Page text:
Howard County Board of Commissioners President Paul Wyman has announced his bid for re-election.
Wyman, who previously served as a Howard County councilman and now often butts heads with sitting councilmen on issues ranging from vehicle leasing to work release, is seeking a third term in the board’s first district.
No opponents from either the Democratic or Republican parties have filed to challenge Wyman, according to the Howard County Clerk’s Office. Challengers have a Friday deadline to file with the clerk, followed by primary Election Day on May 8.
A handful of Howard County officials filed their candidacies for the 2018 election Wednesday…
In 2014, Wyman won his first re-election as Howard County commissioner, topping Democratic challenger Mike Barger and independent challenger Leonard Baxter during that year's midterm election.
Now Wyman will try to replicate those results in a campaign focusing largely on the achievements of his current term.
“It is truly an honor and privilege to serve the residents of Howard County. Providing leadership on the important issue that advance our community has been a passion of mine for many years,” said Wyman in a campaign announcement distributed to local media.
“Along with strong fiscal results we have had many significant accomplishments the last four years, all within budget, and I look forward to discussing them as the campaign moves forward,” he added later.
In his announcement, Wyman cited various projects either started or completed in recent years, including the county’s attrition program, which he said is saving over $700,000 annually, the new downtown YMCA and the Kokomo Humane Society’s new facility on the corner of Hoffer Street and Home Avenue.
He also highlighted an incoming veterans court in Howard Superior Court 2, saying he has “enjoyed working with [Judge Brant Parry] and others to get our new veterans court approved and ready to open in February 2018.”
Additionally, Wyman noted in his announcement a planned hotel and conference center for downtown Kokomo, a project which has yet to be officially announced.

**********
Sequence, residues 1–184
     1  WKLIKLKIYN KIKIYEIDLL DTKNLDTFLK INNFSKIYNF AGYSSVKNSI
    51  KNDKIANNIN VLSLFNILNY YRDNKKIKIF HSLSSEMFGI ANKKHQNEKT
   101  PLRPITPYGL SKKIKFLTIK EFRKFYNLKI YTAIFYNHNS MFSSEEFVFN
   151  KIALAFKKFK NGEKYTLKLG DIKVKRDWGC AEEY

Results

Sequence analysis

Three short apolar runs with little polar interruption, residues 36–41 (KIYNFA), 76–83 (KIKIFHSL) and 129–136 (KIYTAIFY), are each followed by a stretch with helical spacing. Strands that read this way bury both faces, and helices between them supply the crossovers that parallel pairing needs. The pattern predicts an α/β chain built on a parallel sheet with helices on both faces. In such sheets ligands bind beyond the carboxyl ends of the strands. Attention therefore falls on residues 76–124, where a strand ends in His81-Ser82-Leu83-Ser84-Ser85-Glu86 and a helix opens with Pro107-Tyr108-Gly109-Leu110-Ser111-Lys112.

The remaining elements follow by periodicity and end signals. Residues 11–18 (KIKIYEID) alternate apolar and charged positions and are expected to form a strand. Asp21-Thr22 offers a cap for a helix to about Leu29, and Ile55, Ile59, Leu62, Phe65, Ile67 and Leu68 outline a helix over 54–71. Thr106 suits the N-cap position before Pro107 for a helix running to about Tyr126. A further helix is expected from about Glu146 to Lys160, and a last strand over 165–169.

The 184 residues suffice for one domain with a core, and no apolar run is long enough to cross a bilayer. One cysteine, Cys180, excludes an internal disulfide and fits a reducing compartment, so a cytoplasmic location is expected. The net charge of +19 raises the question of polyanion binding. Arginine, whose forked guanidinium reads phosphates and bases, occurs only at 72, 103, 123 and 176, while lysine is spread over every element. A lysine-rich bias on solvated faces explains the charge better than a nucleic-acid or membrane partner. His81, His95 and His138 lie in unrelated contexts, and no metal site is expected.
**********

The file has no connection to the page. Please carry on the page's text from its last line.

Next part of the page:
The proposal, however, has been publicly discussed by local officials since mid-2017, even receiving funding in the 2018 Howard County budget, and would be located in the block between Main and Union streets north of Wildcat Creek.
Wyman also credited his work as commissioner for helping to bring a work release facility to Howard County. The center, housed in the former county jail on Berkley Road, opened for its first inmates in late January.
“Work release has been discussed in our community for over 20 years. I set my sights on this program during this term as commissioner and provided the necessary strong leadership to navigate obstacles, politics and personal agendas to finally bring this important program to our community, said Wyman.
“Working with great people like my fellow Commissioners Tyler Moore and Bray Bray, along with [former Howard County attorney] Larry Murrell and [Howard Superior Court 3 Judge Doug Tate], work release is now a reality for Howard County.”
The program, he said, “will keep families together and reduce recidivism.”
As part of a clean sweep for local Republicans, incumbents Moore, District 2, and Bray, District 3, retained their seats in last year’s election.
Wyman also stood at the center of one of 2017’s most controversial issues – the implementation of a smoking ban throughout Howard County.
On March 6, the Howard County Board of Commissioners and Kokomo Common Council passed, one after the other, measures enacting a scheduled county-wide smoking ban with few exceptions.
And on July 1, Howard County fully implemented its broad smoking ban, which includes bars, taverns and private clubs. The smoking ban also incorporates an E-cigarette ban and prohibits smoking at outdoor events, festivals and concerts at city parks.
“I look at it as saying, it’s another piece of the puzzle to making us a stronger and healthier community for the future," said Wyman in a previous interview. "And that evidence from Indianapolis supports what we’re doing, the economic data nationally supports what we’re doing."
Wyman has also placed himself at the forefront of Howard County’s battle against the opioid epidemic.
On Nov. 16, local leaders and community members gathered at Inventrek Technology Park to hear him roll out plans to incorporate multifaceted Systems of Care to combat opioid addiction and substance abuse in local communities.
The event followed up on an opioid summit hosted by Wyman on Sept. 18.
“By hosting an opioid summit with many community leaders and amassing an army of 100 volunteers we are in the process of creating an incredible Systems of Care in our community for addicts and their families,” he said.